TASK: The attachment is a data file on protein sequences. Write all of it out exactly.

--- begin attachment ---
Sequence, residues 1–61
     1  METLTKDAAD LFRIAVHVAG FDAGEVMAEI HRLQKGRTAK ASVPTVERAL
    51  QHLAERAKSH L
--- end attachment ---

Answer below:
Sequence, residues 1–61
     1  METLTKDAAD LFRIAVHVAG FDAGEVMAEI HRLQKGRTAK ASVPTVERAL
    51  QHLAERAKSH L